Adapt & Prejudice

There’s a very funny podcast called Adapt or Perish, a podcast about adapting literary works to screen. Of course, they’ve done a number of podcasts on Austen. The title is a play on the phrase “Adapt or Die,” as applied to life in the wild. But there is perhaps a grain of truth in the fact that for a dead literary author’s reputation to survive and thrive in the contemporary screen-dominated media environment, that author needs to be adapted (and adapted well) to thrive and generate new young fans.

Austen has been adapted long before film even existed. (The scholar Devoney Looser’s The Making of Jane Austen tackles such early adaptations). But because film is a more permanent medium, it offers a portrait of some of the different ways Austen has been seen through the ages. The 1940 Pride & Prejudice starring Laurence Olivier and Greer Garson abandoned the Georgian Empire waists in favor of more elaborate 1830s gowns to delight audiences with a chocolate box appearance versus the so-called “Regency wet nightgowns,” in the words of Ann Rutherford (Lydia Bennet), as well as threw in archery, carriage chases, a sweetened-up Lady Catherine, and other near-hysterical attempts to win over the American public to watch a film based on a British classic book. (It didn’t–the film flopped at the box office, despite positive reviews).

Before the 2005 hand flex there was…

The 1980 BBC Pride & Prejudice featured a script by Fay Weldon designed to play up the more feminist themes and focus on the female characters (perhaps one reason why Elizabeth Garvie’s (Elizabeth’s) warmest relationship in the film seems to be with her friend Charlotte, versus David Rintoul’s remote, icy Darcy. The 1995 Pride & Prejudice became a global phenomenon, in contrast, with its fidelity to Austen’s dialogue, a surprisingly quick pace for such a long mini-series, and the sizzling chemistry between Jennifer Ehle’s sparky Elizabeth and Colin Firth’s Darcy. Dare I say that the melancholy, closed-off awkwardness, and smoldering sensitivity of Firth would have won over viewers even if the iconic white shirt hadn’t introduced an element of sexuality absent from many previous Austen adaptations? The 2005 Pride & Prejudice version’s cinematography, somewhat gentler interpretations of the leads and secondary characters’ conflicts, and Brontë-like romanticism (crashing rain, gaping ruins) also has its fans.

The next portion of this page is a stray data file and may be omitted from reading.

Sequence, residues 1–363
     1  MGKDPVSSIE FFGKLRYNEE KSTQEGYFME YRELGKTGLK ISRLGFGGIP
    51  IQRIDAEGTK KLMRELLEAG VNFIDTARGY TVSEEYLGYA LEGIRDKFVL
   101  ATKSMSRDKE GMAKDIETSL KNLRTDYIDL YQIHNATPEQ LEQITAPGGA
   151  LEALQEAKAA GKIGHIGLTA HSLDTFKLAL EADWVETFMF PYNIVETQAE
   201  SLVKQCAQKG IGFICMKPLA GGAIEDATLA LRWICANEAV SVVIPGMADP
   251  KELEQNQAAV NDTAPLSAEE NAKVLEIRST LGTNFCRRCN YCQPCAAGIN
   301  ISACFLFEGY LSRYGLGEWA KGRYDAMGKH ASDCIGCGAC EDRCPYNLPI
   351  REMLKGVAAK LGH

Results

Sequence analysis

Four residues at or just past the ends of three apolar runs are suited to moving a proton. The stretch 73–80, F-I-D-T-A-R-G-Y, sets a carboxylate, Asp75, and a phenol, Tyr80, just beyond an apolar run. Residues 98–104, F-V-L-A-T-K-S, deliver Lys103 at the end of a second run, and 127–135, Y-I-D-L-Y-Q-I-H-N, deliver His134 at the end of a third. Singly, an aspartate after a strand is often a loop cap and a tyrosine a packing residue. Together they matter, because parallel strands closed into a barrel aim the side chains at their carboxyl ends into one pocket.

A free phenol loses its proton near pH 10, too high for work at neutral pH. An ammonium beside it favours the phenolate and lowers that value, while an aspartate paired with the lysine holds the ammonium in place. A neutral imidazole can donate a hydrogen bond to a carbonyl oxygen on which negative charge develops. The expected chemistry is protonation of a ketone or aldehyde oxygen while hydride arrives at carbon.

Regardless of preference, I’d argue that despite the argument that “adaptations come and go, the book is always there,” film versions often can be remarkably sticky in terms of the ways in which they generate visual images which set in stone various interpretations of Austen’s texts. Mr. Collins is tall in Austen’s text. But because the 1995 and 2005’s used the height of the actors playing this character to comic effect, I’ve seen many works of (written) fan fiction that insist upon the character’s shortness. Even the bizarre insistence Austen is Victorian might have its roots in the 1940s version’s hoop-skirted hold upon the public imagination.

There are even more versions than these, of course, ones which are much less widely available, but one which I’m quite intrigued about, after seeing this single episode and many random clips on YouTube , is the 1967, starring Celia Bannerman and Lewis Fiander as Elizabeth and Darcy. It was directed by a woman (Joan Craft), and Bannerman herself later went on to become the first woman to direct a production at The National Theatre. Worth a watch, given the quality of the acting, even though its budget was “beans on toast” and a fiver at the pub.

Does anyone else have any particular adaptations they love or loathe?

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